DB - Digital Battlespace

How Canada is enhancing its SATCOM coverage

15th August 2019 - 10:52 GMT | by Beth Maundrill, Tony Skinner in London


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Expanding its commitment to the space domain, Canada’s defence policy commits to ‘increased and predictable’ funding to deliver new capabilities, such as earth observation, space situational awareness, and satellite communications. 

Ottawa is particularly focused on enhanced coverage of the country's northern-most regions, which are largely devoid of such capabilities.

Although the space domain may be a relatively new responsibility for the Royal Canadian Air Force (RFAC), the service has developed a five-year roadmap laying out the space framework for the armed forces.

Speaking to Shephard, Col Cameron Stoltz, director of space requirements within the RCAF, said, ‘We have an ambitious agenda to meet the requirements for the space domain that were laid out in Canada's most recent defence policy from 2017… which recognises that spaces increasingly congested, contested and competitive.’

The mission for DG Space in Canada is to ‘develop, deliver and assure space capabilities in order to enable the joint warfighter at home and abroad’.

Stolz recognises that the reliance of militaries on space-based capabilities is only growing so the nation continues to cooperate with its international partners.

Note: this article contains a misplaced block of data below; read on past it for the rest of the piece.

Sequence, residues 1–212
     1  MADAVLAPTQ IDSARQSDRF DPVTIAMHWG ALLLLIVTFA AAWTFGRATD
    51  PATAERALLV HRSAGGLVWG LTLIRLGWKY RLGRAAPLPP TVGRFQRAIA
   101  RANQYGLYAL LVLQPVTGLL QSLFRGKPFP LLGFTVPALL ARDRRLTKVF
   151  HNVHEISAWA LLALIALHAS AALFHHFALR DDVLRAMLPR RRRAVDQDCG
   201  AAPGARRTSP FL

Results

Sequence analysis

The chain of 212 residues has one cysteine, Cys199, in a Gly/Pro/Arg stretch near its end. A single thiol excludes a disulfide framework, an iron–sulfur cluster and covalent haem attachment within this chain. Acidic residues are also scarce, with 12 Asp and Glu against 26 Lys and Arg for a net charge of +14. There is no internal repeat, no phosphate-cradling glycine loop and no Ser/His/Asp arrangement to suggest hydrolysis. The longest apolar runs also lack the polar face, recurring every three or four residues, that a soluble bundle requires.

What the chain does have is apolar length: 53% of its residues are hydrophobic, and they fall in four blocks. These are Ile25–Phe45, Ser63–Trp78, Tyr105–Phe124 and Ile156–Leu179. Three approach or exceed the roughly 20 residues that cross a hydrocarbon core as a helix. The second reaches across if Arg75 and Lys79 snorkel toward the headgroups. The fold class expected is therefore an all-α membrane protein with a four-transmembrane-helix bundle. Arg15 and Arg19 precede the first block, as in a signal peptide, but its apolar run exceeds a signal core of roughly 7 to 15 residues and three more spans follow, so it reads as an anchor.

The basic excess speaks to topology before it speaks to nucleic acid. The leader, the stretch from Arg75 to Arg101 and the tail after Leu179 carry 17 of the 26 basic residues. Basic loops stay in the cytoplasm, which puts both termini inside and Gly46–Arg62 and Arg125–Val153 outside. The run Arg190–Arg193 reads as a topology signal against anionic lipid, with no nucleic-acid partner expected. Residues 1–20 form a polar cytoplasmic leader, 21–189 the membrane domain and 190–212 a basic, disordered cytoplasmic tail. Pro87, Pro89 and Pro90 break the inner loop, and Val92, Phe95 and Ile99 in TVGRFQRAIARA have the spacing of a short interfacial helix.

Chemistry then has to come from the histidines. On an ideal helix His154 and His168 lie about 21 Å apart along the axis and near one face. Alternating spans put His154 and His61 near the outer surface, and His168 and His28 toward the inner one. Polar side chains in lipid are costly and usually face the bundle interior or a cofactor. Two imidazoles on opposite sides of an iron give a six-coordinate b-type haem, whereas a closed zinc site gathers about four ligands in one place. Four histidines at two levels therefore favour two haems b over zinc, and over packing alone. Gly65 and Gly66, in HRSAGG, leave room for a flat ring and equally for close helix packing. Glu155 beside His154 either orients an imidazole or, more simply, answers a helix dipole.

For example, August 2019 saw the launch of the US Air Force’s fifth Advanced Extreme High Frequency (AEHF-5) (pictured). The RCAF has noted that the launch of this satellite will allow the Canadian forces to have secure, protected communications in support of operations worldwide.

The joint services satellite system will comprise six satellites that will replace the 1990s-era Milstar satellites. Australia, the UK and the Netherlands have also partnered on the AEHF programme.

‘With respect to the Advanced EHF constellation and the way we have accessed that through our protected military satellite communications [PMSC] project, we find that secure and reliable satellite communications, as you know, are essential for command and control of military operations,’ Stolz commented.

PMSC provides Canada with secure communications ‘between 65 north and 65 south and terminals, for our land, sea, and air forces’.

Despite this, challenges remain and although Canada has access to these geostationary satellite constellations Stolz noted that there are still issues for Canada when communicating within the far north of the country.

‘That's one of the challenges right now, that the geostationary satellites don't provide the coverage above 65 to 70 degrees,’ he said.

In addition to this lack of coverage, because of the sparsity of communications infrastructure in the north, the Canadian Armed Forces now has coverage of this area as an outstanding requirement. The 2017 defence policy recognises these challenges, according to Stolz.

As a result, Stolz’s team has initiated the Enhanced Satellite Communications Project Polar (ESCP-P).

‘This has a goal of delivering this Arctic communications infrastructure. Specifically, the project will provide guaranteed, reliable and secure access in both narrow band and wide band in support of operations of the earth deck,’ he explained.

ESCP-P is due to have an initial operational capability no later than 2029 with a full operational capability in 2031 - although Stolz said that the RCAF will be ‘doing everything possible’ to advance that timeline.

Funding is projected at C$1 billion ($75 million)to C$4.99 billion ($3.75 billion).

He added that Canada has also received interest from its northern allies who wish to be part of the project. 

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